LANSING (AP) - Parents should
turn their backs to guns and other
violent toys this Christmas and
;select educational toys for their
children, a group of local residents
Majorie Kostelnik, associate pro-
fessor of family and child ecology at
Michigan State University, said guns
bazookas and battleships teach chil-
dren to fight, rather than to get along
with each other and solve problems
"If children are learning the lan-
guage of violence, if children are
learning the way you solve problems
is through physical force, if children
learn that the way we have social
interaction with other human beings
is by pretending to hurt them, we
can't be too surprised if that is what
children are playing out,"she said.
Dr, Stephen Gurten, director of
pediatric intensive care at Sparrow
Hospital in Lansing and spokesper-
son for Physicians for Social
Responsibility, said violent play
leads to an epidemic of "children
Gunshot wounds are the leading
cause of death among young men,
but are now a major cause of death
among teen-agers as well, he said,
adding the age group may move
lower in the future.
foNancy Leiserwitz, spokesperson
for Women's Action for Nuclear
Disarmament, said war toys teach
children xenophobia, sexism and
makes reductions in real weapons
"We think it it unconscionable
that in a world in which there are
over 50,000 nuclear weapons, the toy
companies would choose this par-
ticular time to teach a whole gen-
eration of children war-making and
the love of war and even give them
battle plans for waging global
nuclear and chemical war, all in the
name of fun for the kids and profits
for the toy industry," she said .
The groups urged parents to write
to Michigan stores and urge them to
stock more non-violent toys. Stu-
dents for Social Responsibility also
plans to stage a promotional picket
outside stores that sell educational
toys, spokesperson James Wheeler
In Washington yesterday, the
Consumer Product Safety Commis-
sion defended its efforts to rid the
market of toys that can be dangerous
The Michigan Daily - Wednesday, November 23, 1988 - Page 3
Get your Rose Bowl goodies ROBINLOZNAK/Daily
,Gary Lee Hampton, of Tampa, Florida, sells Rose Bowl paraphernalia on the corner of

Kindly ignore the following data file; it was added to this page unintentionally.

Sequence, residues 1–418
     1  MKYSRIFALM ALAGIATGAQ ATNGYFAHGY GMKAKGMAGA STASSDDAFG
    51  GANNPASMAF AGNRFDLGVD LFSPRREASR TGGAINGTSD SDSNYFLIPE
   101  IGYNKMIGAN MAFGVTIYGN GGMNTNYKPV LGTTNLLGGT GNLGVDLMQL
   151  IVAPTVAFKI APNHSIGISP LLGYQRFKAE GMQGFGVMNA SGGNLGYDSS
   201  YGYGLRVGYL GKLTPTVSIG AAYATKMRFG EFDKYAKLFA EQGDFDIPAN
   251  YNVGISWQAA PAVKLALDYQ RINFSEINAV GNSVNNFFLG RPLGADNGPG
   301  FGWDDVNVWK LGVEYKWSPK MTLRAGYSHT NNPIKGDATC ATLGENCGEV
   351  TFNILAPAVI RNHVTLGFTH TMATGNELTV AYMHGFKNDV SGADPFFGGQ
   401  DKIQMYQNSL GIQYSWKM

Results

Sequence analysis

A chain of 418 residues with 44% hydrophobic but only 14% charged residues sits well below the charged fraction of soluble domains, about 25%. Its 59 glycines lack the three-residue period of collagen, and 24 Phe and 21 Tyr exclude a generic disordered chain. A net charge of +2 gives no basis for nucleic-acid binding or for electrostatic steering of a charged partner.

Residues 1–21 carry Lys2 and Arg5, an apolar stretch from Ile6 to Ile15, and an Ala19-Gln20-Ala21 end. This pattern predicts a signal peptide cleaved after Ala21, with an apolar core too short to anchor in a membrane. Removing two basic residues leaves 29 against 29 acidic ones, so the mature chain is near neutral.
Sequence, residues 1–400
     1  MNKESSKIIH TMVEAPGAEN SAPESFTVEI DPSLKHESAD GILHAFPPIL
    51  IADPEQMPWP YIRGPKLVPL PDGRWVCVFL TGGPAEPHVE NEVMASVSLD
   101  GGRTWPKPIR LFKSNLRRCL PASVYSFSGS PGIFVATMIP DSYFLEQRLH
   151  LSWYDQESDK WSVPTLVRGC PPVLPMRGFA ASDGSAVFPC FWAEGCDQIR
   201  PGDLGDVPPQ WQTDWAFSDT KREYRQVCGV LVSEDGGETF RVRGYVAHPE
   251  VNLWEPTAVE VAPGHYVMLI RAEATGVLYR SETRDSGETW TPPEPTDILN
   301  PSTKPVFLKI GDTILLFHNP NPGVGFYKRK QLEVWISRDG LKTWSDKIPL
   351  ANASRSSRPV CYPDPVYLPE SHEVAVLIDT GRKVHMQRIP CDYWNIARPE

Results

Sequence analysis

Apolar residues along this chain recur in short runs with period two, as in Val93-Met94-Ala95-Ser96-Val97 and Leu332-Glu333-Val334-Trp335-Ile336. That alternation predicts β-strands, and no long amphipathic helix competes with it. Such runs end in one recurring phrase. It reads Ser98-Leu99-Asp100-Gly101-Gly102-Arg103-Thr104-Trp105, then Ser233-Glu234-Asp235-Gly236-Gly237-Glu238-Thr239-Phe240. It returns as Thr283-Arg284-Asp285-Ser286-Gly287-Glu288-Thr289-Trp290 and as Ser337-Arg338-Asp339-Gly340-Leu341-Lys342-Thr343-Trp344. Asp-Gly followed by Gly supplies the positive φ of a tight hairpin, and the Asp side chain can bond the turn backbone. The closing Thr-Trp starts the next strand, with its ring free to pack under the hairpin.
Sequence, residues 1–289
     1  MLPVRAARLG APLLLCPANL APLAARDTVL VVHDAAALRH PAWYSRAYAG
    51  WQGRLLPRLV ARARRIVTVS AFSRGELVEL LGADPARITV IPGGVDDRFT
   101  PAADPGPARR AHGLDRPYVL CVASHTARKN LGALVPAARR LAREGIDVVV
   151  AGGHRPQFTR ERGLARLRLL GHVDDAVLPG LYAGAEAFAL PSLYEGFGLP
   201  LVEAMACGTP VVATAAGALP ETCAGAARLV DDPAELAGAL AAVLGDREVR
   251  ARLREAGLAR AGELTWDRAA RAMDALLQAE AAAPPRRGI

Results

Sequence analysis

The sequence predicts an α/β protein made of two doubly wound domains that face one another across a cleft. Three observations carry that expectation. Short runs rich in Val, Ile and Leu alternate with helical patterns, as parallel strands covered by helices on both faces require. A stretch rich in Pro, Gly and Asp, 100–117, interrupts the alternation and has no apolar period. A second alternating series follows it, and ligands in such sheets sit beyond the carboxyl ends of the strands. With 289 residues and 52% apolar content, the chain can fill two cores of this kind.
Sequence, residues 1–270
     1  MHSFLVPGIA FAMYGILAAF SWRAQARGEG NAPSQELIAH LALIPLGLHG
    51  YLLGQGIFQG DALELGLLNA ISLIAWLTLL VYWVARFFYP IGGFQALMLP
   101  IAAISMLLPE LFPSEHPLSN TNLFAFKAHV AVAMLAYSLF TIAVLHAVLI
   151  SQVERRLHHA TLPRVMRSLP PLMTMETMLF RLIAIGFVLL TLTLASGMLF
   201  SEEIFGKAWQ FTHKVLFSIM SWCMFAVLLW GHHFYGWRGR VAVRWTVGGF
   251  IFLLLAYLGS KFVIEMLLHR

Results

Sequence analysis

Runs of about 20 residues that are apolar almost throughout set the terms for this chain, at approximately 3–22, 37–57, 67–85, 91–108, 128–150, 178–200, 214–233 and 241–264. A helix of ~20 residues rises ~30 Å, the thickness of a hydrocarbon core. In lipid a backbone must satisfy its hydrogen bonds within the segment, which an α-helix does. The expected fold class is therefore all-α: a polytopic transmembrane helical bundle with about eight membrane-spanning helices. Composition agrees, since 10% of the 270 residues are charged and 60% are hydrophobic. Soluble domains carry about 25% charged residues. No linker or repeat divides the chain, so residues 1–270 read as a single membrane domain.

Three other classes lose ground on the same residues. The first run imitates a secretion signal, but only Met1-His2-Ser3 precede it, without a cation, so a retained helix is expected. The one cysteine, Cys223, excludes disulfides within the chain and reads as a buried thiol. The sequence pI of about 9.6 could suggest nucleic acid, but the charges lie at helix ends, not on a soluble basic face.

Packard and Stadium yesterday. He said Michigan fans apparently aren't excited about the
Rose Bowl, because last year, when he sold in East Lansing, Spartan fans bought five
times as many souvenirs.
SANE/Freeze collects food
LANSING (AP) - Journalists
should be allowed to use cameras and
tape recorders in the courtrooms of
all 83 Michigan counties, a commit-
tee of the Michigan Supreme Court
The Cameras in the Courtroom
Committee voted 9-1to ask the high
court to make permanent an experi-
ment that has been operating in five
Michigan counties since June.
"The public has a right to know
and the public's right to know is
fulfilled only in part by the newspa
pers. ..We feel that this would open
the coverage of court matters to the
general public," said Michigan Court
of Appeals Judge Joseph Sullivan,
chair of the committee.
Sullivan noted that when the ex-
periment began some feared court-
rooms would be disturbed.
"Actually, in the workings of it
things have gone rather calmly and
smoothly," he said.
The high court began its experi-
ment statewide on Feb.l but permit-
ted defense attorneys, prosecutors or
judges to block the use of cameras or,
tape recorders if they didn't want
Only 63 of the 174 requests for
the expanded media coverage were
approved under those guidelines, ac-
cording to a report presented to the
On June 20, the-court changed the
guidelines in five counties, making
access to courtrooms automatic un-
less a judge determined that such
coverage would make the trial or
court proceeding unfair.
Of the 144 requests received in
Grand Traverse, Ingham, Marquette,
Oakland, and Wexford counties, 138
were approved the report said.
Sullivan said comments from
judges involved in those cases turned
up few problems.
The lone dissenter on the
committee was Detroit Recorders'
Court Judge Vera Jones, who argued
that the use of cameras and tape
recorders should remain an experi-
ment for another year but be ex-
Jones said that the five-county
experiment did not provide enough
experience with the type of violent
felony cases heard in Detroit
"It's the kind of thing most papers
want to get a hold of and sell pa-
pers," she said.
But Sullivan said ample evidence